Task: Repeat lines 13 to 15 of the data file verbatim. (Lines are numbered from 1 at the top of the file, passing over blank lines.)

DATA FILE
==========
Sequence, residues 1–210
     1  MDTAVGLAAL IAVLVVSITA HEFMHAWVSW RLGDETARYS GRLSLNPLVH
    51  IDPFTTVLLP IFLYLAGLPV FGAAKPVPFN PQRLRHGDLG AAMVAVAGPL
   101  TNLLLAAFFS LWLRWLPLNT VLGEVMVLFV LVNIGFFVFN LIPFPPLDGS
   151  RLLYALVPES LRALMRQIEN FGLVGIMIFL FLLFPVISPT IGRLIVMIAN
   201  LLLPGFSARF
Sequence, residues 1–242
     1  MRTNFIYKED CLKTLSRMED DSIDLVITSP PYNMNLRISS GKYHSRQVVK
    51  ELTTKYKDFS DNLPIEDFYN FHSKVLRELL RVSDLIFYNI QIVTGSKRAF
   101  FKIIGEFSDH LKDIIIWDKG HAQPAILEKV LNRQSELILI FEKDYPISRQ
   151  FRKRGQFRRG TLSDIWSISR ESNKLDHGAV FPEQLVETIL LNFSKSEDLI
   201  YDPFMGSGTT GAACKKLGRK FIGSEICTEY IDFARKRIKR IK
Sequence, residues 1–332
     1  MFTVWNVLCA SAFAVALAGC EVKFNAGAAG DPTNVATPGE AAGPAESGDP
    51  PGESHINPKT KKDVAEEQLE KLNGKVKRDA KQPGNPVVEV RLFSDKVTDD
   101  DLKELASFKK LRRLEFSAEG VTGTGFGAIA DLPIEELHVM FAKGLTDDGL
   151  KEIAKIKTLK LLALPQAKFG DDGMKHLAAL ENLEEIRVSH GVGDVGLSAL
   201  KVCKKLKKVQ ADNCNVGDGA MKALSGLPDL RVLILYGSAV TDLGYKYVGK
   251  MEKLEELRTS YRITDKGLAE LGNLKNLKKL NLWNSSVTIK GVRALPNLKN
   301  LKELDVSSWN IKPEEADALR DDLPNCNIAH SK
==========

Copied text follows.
Sequence, residues 1–332
     1  MFTVWNVLCA SAFAVALAGC EVKFNAGAAG DPTNVATPGE AAGPAESGDP
    51  PGESHINPKT KKDVAEEQLE KLNGKVKRDA KQPGNPVVEV RLFSDKVTDD